[16] Nakatomi Y, Mizuno K, Ishii A, et al. Neuroinflammation in patients with chronic fatigue syndrome/myalgic encephalomyelitis: An C-(R)-PK11195 PET study. J Nucl Med. 2014 Jun;55(6):945-50.

[17] Maes M, Twisk FN. Why myalgic encephalomyelitis/chronic fatigue syndrome (ME/CFS) may kill you: disorders of the inflammatory and oxidative and nitrosative stress (IO & NS) pathways may explain cardiovascular disorders in ME/CFS. Neuro Endocrinol Lett.2009;30(6):677-93.

[18] Loebel M, Grabowski P, Heidecke H, et al. Antibodies to beta adrenergic and muscarinic cholinergic receptors in patients with Chronic Fatigue Syndrome. Brain Behav Immun. Sep 21 2015. doi:10.1016/j.bbi.2015.09.013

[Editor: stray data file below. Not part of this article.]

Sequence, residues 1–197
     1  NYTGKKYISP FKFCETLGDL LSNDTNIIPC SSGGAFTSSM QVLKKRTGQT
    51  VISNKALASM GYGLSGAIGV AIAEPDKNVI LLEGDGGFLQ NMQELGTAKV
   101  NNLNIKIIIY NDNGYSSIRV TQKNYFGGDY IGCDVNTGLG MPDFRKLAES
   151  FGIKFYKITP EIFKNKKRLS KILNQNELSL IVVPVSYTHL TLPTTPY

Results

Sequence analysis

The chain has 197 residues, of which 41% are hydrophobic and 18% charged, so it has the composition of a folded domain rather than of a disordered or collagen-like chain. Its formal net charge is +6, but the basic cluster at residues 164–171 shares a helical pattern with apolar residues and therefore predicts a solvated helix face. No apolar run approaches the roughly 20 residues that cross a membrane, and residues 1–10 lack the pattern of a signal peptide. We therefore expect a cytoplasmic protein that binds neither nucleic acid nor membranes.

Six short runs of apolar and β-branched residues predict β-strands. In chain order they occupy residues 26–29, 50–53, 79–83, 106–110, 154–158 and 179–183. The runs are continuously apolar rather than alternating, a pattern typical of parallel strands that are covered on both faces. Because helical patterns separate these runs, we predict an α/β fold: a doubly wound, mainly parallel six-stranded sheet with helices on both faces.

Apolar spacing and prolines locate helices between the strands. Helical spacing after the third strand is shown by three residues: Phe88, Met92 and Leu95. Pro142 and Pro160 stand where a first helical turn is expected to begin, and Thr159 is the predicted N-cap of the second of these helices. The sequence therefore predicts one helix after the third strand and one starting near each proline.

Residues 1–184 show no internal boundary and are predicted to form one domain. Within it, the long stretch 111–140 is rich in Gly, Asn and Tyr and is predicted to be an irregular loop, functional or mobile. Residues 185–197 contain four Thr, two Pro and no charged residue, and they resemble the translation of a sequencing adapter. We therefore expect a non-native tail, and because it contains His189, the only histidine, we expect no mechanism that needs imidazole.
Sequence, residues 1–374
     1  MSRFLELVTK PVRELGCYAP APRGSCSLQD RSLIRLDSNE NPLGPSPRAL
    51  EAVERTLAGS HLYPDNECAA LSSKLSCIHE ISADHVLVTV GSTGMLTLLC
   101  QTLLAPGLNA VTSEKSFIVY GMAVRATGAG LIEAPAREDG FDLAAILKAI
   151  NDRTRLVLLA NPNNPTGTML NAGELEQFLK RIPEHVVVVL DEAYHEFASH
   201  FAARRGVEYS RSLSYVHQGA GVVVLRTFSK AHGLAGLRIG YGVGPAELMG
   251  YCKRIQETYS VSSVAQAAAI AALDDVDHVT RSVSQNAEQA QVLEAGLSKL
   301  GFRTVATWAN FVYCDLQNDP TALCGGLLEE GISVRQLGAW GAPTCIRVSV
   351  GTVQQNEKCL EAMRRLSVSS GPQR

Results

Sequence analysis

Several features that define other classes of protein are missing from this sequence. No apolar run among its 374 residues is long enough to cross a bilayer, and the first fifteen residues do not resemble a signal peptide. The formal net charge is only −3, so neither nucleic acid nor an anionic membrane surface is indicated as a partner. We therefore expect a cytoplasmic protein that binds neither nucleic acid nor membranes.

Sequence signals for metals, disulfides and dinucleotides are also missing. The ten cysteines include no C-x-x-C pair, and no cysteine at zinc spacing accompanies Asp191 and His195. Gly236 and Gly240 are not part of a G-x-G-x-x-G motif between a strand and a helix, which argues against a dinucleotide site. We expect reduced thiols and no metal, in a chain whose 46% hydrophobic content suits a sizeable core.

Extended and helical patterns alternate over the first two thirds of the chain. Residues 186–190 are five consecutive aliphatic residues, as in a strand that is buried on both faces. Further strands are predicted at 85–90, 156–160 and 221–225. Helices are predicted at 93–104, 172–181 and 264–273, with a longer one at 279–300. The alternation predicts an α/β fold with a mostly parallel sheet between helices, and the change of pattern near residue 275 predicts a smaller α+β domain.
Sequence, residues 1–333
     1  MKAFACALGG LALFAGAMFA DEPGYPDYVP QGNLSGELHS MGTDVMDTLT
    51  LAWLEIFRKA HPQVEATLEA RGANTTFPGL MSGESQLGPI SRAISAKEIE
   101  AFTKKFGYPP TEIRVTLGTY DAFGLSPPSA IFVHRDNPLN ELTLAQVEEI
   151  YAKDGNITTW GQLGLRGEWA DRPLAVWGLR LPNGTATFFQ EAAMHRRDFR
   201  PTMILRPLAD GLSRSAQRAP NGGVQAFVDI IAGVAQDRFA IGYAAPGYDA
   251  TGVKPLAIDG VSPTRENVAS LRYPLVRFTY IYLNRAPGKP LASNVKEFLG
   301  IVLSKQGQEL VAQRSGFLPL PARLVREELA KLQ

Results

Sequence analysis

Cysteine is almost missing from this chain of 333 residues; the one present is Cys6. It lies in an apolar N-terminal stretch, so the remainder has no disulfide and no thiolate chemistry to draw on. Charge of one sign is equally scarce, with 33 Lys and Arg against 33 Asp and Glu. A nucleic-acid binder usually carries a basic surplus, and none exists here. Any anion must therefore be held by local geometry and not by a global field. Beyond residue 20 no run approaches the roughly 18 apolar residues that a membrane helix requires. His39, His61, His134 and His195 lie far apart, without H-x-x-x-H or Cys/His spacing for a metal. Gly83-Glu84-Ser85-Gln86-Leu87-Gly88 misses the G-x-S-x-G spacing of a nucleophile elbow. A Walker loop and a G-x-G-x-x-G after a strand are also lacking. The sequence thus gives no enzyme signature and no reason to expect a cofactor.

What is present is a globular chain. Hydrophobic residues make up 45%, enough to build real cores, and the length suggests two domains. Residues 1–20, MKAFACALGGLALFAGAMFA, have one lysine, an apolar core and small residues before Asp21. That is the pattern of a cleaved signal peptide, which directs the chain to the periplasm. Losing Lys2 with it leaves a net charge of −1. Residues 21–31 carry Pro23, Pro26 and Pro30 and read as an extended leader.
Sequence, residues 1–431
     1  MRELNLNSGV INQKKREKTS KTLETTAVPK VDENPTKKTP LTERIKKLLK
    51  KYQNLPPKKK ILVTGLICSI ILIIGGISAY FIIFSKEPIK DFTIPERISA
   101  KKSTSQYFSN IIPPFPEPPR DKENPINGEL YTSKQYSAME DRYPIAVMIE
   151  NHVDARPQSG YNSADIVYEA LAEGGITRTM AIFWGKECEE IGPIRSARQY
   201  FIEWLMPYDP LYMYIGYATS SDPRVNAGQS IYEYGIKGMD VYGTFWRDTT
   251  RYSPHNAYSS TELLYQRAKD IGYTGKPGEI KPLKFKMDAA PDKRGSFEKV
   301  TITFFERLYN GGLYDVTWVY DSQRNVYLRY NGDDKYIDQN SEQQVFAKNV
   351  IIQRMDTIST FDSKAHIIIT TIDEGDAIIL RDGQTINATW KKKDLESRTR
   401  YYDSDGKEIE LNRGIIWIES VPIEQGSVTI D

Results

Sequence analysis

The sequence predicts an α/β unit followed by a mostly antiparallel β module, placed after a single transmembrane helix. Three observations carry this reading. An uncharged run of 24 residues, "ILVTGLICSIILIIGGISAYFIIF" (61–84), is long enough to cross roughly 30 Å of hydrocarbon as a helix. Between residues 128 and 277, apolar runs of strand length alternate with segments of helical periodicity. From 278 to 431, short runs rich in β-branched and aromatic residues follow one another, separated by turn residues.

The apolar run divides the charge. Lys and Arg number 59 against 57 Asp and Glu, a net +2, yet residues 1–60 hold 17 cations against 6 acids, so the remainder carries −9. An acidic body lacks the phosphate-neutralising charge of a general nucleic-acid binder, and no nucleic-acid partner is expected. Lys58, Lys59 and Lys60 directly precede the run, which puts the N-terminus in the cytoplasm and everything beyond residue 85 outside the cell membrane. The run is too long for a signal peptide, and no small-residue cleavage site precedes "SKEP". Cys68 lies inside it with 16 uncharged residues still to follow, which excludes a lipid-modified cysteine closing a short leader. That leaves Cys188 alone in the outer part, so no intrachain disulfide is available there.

[19] Li J, Zhang Q, Liao Y, et al. The value of acetylcholine receptor antibody in children with postural tachycardia syndrome. Pediatr Cardiol. 2015;36:165-170.

[20] Raj S, Black B, Biaggioni I, et al. Acetylcholinesterase inhibition improves tachycardia in postural tachycardia syndrome. American Heart Association Scientific Sessions 2004, New Orleans, LA Nov 7-10, 2004. Abstract in Circulation. 2004;110[supl III]111-460.

[21] Thieben M, Sandroni P, Sletten D, et al. Postural Orthostatic Tachycardia Syndrome: The Mayo Clinical Experience. Mayo Clin Proc. 2007;82(3):308-313.

©Genetic Disease Investigators, LLC